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Subject: Unique adventure with a variety of game modes to keep you engaged rss

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Rian Van Der Merwe
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If you’ve spent any time on a board game forum over the past month, you’ll know about The Lost Expedition. It’s the hottest of hotness in our little universe right now. So when I saw one copy left at my LFGS I kind of didn’t have a choice. I had to get it. A friend and I happened to be meeting up for a quick lunchtime game, so we tore into it and played it immediately (we lost). I’ve since played it about a dozen times solo (I’ve lost every time), and I have to say, I like this game a lot.

Before I even get to my thoughts on the game, it’s worth noting a detail that makes this a really versatile gaming experience. It has three modes:
* Single player
* Co-operative (2–5 players)
* Head-to-head (2 players)

The fact that the game can be played in a variety of ways makes it just so much more appealing. But let’s get to the details.



The easiest way to describe The Lost Expedition is by referencing other games. Take the theme (and difficulty level) of Friday (explorers on an island/in a jungle), the game mechanic of Elder Sign (perform various tasks/skill tests each round), and the harshness of The Grizzled (things can be going quite ok one moment and the next moment you’re dead), smoosh it all together, and you get The Lost Expedition.

The game takes your explorers on a path to El Dorado, and to get there you have to journey through a ludicrously dangerous jungle. Along the way the explorers fulfill tasks related to their expertise. They scavenge for food, they get bitten by snakes (and leeches, and many other things), and generally have to deal with a bunch of very unpleasant happenings.



Each round of the game has two stages: Morning and Evening. Cards are drawn and placed in a row to indicate the tasks you have to perform to get make progress. The trick is to try to order the cards in such a way that you have enough health and supplied left by the end of the round to make it through another day.

The thing that makes The Lost Expedition a unique co-op experience is that it’s not completely abstract. In most co-op games all information is always available to all players. But in The Lost Expedition you don’t know what cards are in the other players’ hands, and they’re not allowed to tell you. So you’re left to try to figure out how to make the best decision as a team, without everyone knowing exactly what cards are going to come up. This makes for an interesting dynamic as you try to hold certain cards back until you’re able to know more about what’s happening in that particular round.



I want to talk about the cards for a moment. Two things stand out: they’re giant (well, much larger than normal-sized cards), and the artwork is fantastic. In fact, the entire packaging is beautiful, and integrated with the exploration theme in a way that makes it all just fit so well together.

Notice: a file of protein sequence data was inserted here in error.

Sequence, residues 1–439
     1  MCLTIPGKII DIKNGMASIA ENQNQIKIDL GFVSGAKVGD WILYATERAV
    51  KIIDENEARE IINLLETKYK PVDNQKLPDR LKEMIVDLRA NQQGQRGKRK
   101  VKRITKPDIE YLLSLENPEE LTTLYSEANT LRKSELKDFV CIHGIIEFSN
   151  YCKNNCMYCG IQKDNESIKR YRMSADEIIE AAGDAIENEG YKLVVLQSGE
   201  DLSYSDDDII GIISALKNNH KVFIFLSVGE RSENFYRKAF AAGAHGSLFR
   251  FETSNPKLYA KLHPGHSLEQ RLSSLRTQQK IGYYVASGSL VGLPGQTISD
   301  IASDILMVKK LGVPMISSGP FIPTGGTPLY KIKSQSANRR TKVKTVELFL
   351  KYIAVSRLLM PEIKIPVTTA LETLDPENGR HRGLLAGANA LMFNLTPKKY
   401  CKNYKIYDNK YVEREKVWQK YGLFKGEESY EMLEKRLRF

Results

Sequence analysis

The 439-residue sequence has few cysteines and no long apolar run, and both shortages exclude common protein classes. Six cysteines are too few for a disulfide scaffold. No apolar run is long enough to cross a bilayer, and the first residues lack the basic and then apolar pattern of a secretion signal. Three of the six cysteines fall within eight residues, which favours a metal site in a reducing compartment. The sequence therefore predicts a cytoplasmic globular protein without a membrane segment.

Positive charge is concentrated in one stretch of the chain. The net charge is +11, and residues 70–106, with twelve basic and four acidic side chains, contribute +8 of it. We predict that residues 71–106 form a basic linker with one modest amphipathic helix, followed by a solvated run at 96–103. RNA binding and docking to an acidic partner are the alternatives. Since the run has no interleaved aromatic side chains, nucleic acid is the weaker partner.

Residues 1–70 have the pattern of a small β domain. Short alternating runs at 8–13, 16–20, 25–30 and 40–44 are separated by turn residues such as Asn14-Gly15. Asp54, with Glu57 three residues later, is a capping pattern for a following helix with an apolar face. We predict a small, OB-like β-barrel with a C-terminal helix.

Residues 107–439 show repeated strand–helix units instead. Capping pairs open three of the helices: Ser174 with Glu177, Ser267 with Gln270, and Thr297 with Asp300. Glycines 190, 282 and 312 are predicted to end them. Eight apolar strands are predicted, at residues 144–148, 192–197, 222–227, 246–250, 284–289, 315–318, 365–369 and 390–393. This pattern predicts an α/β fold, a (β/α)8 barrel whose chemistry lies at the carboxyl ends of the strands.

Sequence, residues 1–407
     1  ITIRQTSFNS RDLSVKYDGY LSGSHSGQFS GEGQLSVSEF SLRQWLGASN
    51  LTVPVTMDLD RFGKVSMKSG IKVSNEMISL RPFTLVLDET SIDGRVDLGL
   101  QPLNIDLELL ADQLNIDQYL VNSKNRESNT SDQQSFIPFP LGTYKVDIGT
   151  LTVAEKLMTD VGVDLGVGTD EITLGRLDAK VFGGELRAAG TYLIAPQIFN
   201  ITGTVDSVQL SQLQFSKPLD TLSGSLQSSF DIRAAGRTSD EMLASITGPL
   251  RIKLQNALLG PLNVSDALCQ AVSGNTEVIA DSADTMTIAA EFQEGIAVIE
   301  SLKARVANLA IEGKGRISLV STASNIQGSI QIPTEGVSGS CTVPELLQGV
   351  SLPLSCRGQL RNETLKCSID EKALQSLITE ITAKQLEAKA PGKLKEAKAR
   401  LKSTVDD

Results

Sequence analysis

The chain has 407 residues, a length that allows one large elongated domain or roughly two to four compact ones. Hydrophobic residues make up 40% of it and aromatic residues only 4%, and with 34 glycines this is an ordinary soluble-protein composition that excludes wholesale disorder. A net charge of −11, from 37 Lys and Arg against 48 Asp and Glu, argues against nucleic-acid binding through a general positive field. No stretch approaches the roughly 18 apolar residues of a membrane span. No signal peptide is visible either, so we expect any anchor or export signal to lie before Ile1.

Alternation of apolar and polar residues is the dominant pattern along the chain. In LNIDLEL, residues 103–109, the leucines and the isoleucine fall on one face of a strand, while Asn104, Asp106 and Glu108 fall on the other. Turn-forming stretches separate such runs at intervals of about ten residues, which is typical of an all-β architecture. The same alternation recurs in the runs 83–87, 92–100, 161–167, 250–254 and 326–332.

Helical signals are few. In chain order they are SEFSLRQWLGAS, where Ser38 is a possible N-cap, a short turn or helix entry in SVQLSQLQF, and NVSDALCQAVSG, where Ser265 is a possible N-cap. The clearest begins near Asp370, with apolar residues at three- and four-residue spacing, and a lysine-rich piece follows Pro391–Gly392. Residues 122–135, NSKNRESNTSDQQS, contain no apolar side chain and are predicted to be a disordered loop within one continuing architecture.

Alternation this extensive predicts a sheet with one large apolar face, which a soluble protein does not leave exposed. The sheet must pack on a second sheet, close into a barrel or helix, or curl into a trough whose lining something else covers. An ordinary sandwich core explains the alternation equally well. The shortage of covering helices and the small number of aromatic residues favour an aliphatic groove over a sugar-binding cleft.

I have one gripe with The Lost Expedition, and that is the actual path you travel on to get to the lost city. It’s just a row of cards that you move your character forward on. As far as I can tell the order of the cards make no difference to the game, and it’s exactly the same every time. An Onitama-style rollup mat would have been perfect for a game like this. Maybe future expansions will take advantage of the path cards? Who knows. For now, it’s the only weak part of the game.



I know the hype is big on this one, but it really is a fantastic game. It’s difficult, but it feels like your choices make a difference. It’s a game you can get better at the more you play it.

I often feel like luck has too much of a role to play in co-op games. The Lost Expedition seems to require a level of skill that I don’t have yet, but will be able to acquire with enough play.

It’s also different enough from similar story-based and co-op adventures to keep it interesting for quite a while. I will certainly play keep playing it, at least until I beat it. And then I’ll probably switch to head-to-head mode, which looks really fun as well.

***

For more reviews like this, check out https://boardgamerealm.com!
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Adam L
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Thanks for this helpful review. I've only played solo so far (0 / 5).

I'm not sure I would compare it to Elder Sign, as there are no dice (dice are huge in ES). But agree about Friday n Grizzled.

My only gripe with the cards is that they shuffle and handle poorly unless sleeved, but sleeved they are a huge deck to try to shuffle! Needed to be poker size, or linen finish at least.

Game seems very hard solo. But fun. And love the art.
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Jonan Jello